Lineages and Virulence Gene Content among Extended-Spectrum β-Lactamase-Producing Escherichia coli Strains of Food Origin in Tunisia
Source: Journal of Food Protection®, Number 2, February 2013, pp. 190-369 , pp. 323-327(5)
Abstract:Nineteen extended-spectrum β-lactamase (ESBL)-positive Escherichia coli strains recovered from food samples in Tunisia were characterized by multilocus sequence typing and phylogenetic typing, and the virulence gene and plasmid content were also determined. These strains presented unrelated pulsed-field gel electrophoresis patterns and contained genes coding for the following ESBLs (the number of strains is in parentheses): CTX-M-1 (15), CTX-M-14 (2), CTX-M-8 (1), and SHV-5 (1). Twelve different sequence types (STs) were identified among the 19 ESBL-positive strains, which included two new STs (ST2022 in 2 blaCTX-M-14-containing strains and ST1970 in 2 blaCTX-M-1-containing strains). ST155 and ST602 were detected in four and three blaCTX-M-1-containing strains, respectively, and ST405 was detected in one blaCTX-M-8-producing strain. All ESBL-positive strains were ascribed to the phylogenetic groups A and B1. Most of the blaCTX-M-1-containing strains harbored an IncI1 plasmid, except for the four blaCTX-M-1-positive strains of beef origin and ST155, which harbored an IncN plasmid. The two blaCTX-M-14-containing strains contained an IncI1 plasmid. The virulence gene fimA was detected in all strains. Most strains also carried the aer gene, and six strains carried the eae gene. All strains were negative for the virulence genes sxt, papG-III, papC, hly, cnf1, and bfp. We conclude that ESBL-producing E. coli strains of food origin in Tunisia show high diversity and that plasmids harboring ESBL genes could be implicated in the dissemination of this resistance phenotype.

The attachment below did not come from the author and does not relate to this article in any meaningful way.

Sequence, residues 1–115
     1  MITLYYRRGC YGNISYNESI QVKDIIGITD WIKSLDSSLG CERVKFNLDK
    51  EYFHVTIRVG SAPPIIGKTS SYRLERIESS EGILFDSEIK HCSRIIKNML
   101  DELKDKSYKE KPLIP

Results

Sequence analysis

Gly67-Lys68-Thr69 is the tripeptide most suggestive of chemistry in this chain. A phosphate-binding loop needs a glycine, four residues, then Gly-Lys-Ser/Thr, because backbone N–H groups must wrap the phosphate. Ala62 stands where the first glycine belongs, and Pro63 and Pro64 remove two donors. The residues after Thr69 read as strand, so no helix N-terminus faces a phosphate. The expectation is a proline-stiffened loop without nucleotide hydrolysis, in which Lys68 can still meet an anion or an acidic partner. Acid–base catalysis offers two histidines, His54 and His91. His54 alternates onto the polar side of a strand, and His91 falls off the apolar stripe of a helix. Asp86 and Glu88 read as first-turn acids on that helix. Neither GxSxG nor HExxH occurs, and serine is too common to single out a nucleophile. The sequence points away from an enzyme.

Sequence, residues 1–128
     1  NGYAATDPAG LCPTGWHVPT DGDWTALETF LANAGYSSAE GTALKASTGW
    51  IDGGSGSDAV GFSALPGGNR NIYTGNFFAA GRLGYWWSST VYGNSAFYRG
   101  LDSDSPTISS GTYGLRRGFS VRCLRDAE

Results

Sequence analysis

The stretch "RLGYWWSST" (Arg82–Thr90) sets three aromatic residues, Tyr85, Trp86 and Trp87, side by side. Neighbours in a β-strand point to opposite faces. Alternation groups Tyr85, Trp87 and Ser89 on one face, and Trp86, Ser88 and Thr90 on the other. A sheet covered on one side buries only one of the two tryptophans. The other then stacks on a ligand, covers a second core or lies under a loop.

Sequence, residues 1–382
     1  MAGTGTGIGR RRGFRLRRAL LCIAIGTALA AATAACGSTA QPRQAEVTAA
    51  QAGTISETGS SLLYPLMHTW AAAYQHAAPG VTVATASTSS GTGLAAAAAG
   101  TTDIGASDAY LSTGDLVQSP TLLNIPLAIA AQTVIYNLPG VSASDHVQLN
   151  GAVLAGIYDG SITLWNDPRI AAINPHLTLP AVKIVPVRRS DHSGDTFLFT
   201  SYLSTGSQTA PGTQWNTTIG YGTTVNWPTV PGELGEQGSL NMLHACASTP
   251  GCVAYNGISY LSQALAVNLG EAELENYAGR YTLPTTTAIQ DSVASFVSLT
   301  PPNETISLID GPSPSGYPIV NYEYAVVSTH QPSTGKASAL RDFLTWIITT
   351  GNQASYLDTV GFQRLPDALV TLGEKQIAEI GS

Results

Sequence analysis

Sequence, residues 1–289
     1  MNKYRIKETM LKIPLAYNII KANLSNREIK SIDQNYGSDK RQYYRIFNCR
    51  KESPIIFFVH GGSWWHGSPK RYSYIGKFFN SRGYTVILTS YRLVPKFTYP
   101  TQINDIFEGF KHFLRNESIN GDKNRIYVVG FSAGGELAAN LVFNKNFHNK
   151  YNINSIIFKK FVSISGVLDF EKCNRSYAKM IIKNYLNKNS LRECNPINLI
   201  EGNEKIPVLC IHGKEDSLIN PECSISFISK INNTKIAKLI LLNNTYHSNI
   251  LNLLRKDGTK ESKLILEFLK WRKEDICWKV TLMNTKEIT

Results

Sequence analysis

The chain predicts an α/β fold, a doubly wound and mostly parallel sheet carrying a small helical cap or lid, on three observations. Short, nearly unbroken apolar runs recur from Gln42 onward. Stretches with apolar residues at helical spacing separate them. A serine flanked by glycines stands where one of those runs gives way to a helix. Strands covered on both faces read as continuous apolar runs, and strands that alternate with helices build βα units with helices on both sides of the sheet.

Document Type: Research article
Affiliations: 1: Laboratoire Microorganismes et Biomolécules Actives, Faculté des Sciences de Tunis, Université Tunis-El Manar, 2092 Tunis, Tunisia 2: Área de Bioquímica y Biología Molecular, Universidad de La Rioja, Logroño, Spain 3: Área Microbiología Molecular, Centro de Investigación Biomédica de La Rioja, c/ Pequeras 98, 26006, Logroño, Spain 4: Área de Bioquímica y Biología Molecular, Universidad de La Rioja, Logroño, Spain, Área Microbiología Molecular, Centro de Investigación Biomédica de La Rioja, c/ Pequeras 98, 26006, Logroño, Spain;, Email: email@example.com
Publication date: 2013-02-01
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